How to Pass Input Data to an Amazon Web Services (AWS) Lambda PowerShell Script

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The ability to execute PowerShell scripts with AWS Lambda functions is exciting. In this article, I’m going to show you how to pass some input data to your PowerShell AWS Lambda functions!

Before we get too far, you’ll first need to make sure that you’re running PowerShell 6 or higher. I’m running PowerShell 6.1 in my integrated console in Visual Studio Code. I’ll also assume you already have an IAM user set up to authenticate to AWS.

You’ll also need to have both the AWSPowerShell and AWSLambdaPSCore PowerShell modules installed. Below, I’m installing and importing both of them to get going.

Import-Module AWSPowerShell -Force
Import-Module AWSLambdaPSCore -Force
Install-Module AWSPowerShell -Scope CurrentUser
Install-Module AWSLambdaPSCore -Scope CurrentUser

Once I have the modules imported, the first thing I’m going to do is use an access key and secret key, which I’ve already stored into variables to initialize my AWS credentials.

I’ll go ahead and run Initialize-AWSDefaultConfiguration with my access key and secret key. This will set up my default profile so that AWS knows what access key and secret key I’ll be using.

Next, let’s create a new PowerShell script from a Lambda template. I’m going to run Get-AWSPowerShellLambdaTemplate to see which templates I have available.

# Get the list of available PowerShell Lambda templates
Get-AWSPowerShellLambdaTemplate

For this article, I’m going to use the basic template, which I’m going to pass to New-AWSPowerShellLambda with a name of InputTest.

When I open the sample script that it creates, line four contains a predefined variable called $LambdaInput. This is set aside to be a PS object containing the input data passed to the Lambda function. I’ll get more into how to pass data to this later.

For now, I’ll just go to the bottom of the script and use Write-Host to display the contents of the $LambdaInput variable. Using Write-Host will display our output in the CloudWatch logs for this function. Now, let’s save and close this script.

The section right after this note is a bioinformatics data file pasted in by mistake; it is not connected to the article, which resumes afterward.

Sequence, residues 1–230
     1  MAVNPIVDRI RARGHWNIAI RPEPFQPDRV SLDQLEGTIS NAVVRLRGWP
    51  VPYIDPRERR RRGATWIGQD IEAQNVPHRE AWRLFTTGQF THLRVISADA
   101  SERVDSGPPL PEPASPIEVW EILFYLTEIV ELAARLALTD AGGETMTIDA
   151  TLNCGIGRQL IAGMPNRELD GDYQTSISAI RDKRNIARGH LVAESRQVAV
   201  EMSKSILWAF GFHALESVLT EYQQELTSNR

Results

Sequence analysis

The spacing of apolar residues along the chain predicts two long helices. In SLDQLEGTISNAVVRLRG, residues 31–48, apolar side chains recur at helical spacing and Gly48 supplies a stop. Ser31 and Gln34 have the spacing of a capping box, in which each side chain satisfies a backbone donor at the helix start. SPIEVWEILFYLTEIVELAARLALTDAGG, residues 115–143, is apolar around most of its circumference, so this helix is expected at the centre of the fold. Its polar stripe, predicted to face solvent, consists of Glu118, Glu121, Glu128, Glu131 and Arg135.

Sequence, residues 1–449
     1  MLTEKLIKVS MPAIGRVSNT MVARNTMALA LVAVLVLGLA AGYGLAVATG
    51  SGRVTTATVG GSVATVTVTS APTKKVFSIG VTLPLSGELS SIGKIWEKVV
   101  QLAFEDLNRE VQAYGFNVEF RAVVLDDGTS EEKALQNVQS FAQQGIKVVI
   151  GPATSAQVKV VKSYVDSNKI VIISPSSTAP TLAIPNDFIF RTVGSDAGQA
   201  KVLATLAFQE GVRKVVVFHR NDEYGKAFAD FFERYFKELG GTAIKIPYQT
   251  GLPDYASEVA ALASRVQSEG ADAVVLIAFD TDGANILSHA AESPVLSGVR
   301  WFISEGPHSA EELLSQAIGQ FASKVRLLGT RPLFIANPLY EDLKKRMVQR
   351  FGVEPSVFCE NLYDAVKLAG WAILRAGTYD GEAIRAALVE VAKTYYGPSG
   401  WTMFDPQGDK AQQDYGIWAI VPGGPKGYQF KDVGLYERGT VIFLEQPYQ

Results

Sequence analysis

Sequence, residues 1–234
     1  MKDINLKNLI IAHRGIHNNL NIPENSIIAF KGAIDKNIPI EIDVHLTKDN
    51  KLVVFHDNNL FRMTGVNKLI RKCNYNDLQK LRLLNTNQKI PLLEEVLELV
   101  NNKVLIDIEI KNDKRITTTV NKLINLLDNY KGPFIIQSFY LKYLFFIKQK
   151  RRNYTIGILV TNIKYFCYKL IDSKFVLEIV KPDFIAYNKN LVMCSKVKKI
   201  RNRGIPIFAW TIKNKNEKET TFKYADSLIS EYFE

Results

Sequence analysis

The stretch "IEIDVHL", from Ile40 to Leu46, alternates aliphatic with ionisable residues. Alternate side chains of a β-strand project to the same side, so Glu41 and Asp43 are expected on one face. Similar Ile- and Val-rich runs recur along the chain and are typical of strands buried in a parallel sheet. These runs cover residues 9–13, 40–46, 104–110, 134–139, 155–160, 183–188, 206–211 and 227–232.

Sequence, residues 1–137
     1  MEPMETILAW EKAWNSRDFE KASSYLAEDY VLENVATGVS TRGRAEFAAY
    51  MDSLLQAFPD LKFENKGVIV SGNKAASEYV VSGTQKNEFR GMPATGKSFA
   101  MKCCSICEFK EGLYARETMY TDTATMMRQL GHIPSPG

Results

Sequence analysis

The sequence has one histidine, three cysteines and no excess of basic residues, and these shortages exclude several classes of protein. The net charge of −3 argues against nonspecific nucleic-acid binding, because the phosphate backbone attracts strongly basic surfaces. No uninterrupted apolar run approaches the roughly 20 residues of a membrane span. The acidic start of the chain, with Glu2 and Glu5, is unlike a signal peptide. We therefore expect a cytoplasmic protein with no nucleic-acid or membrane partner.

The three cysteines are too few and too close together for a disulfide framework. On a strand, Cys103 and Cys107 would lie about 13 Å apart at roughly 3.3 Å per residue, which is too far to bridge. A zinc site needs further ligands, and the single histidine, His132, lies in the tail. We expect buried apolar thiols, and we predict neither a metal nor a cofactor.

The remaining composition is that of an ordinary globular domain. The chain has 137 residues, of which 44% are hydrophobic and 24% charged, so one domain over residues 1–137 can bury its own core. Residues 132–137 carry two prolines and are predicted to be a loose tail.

Next, I’m going to create a splat of the parameters I need to publish the function. I’ll specify InputTest for the name of the function, then the path to the script file to run. Then, for region, I’ll specify my local region, which is us-east-1. Finally, I’m using an IAM role that I’ve already created, which this function will run as, called lambda_basic_execution.

Now, let’s go ahead and pass those parameters to Publish-AWSPowerShellLambda to publish the new function. This will start building the project and create the new Lambda function in AWS.

Now that the Lambda function has been created, if I run Get-LMFunctionList, I can see my new InputTest function.

And now that we have the new function, let’s put together the payload, or input data. Below, I’m going to specify a hashtable with some values: a first name, last name, and department. Lambda functions require the input to be in JSON format, so I’m going to use ConvertTo-Json when storing this data to the $payload variable.

Next, to invoke this function, I’m going to run Invoke-LMFunction against InputTest, passing in the payload data. A status code of 200 means that the invocation was successful.

Now let’s take a look at the CloudWatch logs for this function by running Get-CWLFilteredLogEvent and look at the events property.

If I scroll up a little bit, we can see our payload data that has been passed to the function in the logs.

Now let’s go back to the script file and do something with this input data. I’m going to replace my Write-Host command with some more code. As you can see below, since the $LambdaInput variable is a PS object, we can access its properties just like any other object. Below, I’m storing the $firstName, $lastName, and $department to variables to build a string, which I’m going to write out to the logs.

Let’s go ahead and save and close this file again. Now we need to republish the function with the splatted parameters.

Publish-AWSPowerShellLambda @publishPSLambdaParams

And now that that’s complete, let’s invoke the function using the same payload and take a look at the log events again.

We can now see the string that I built from the payload data displayed above — And that’s how to pass input data to an Amazon Web Services Lambda PowerShell script!

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Matt McElreath is a Windows Server administrator concentrating on automation, PowerShell, Desired State Configuration (DSC), Octopus Deploy, and anything else thrown his way. You can follow Matt on Twitter at @mmcelreath.


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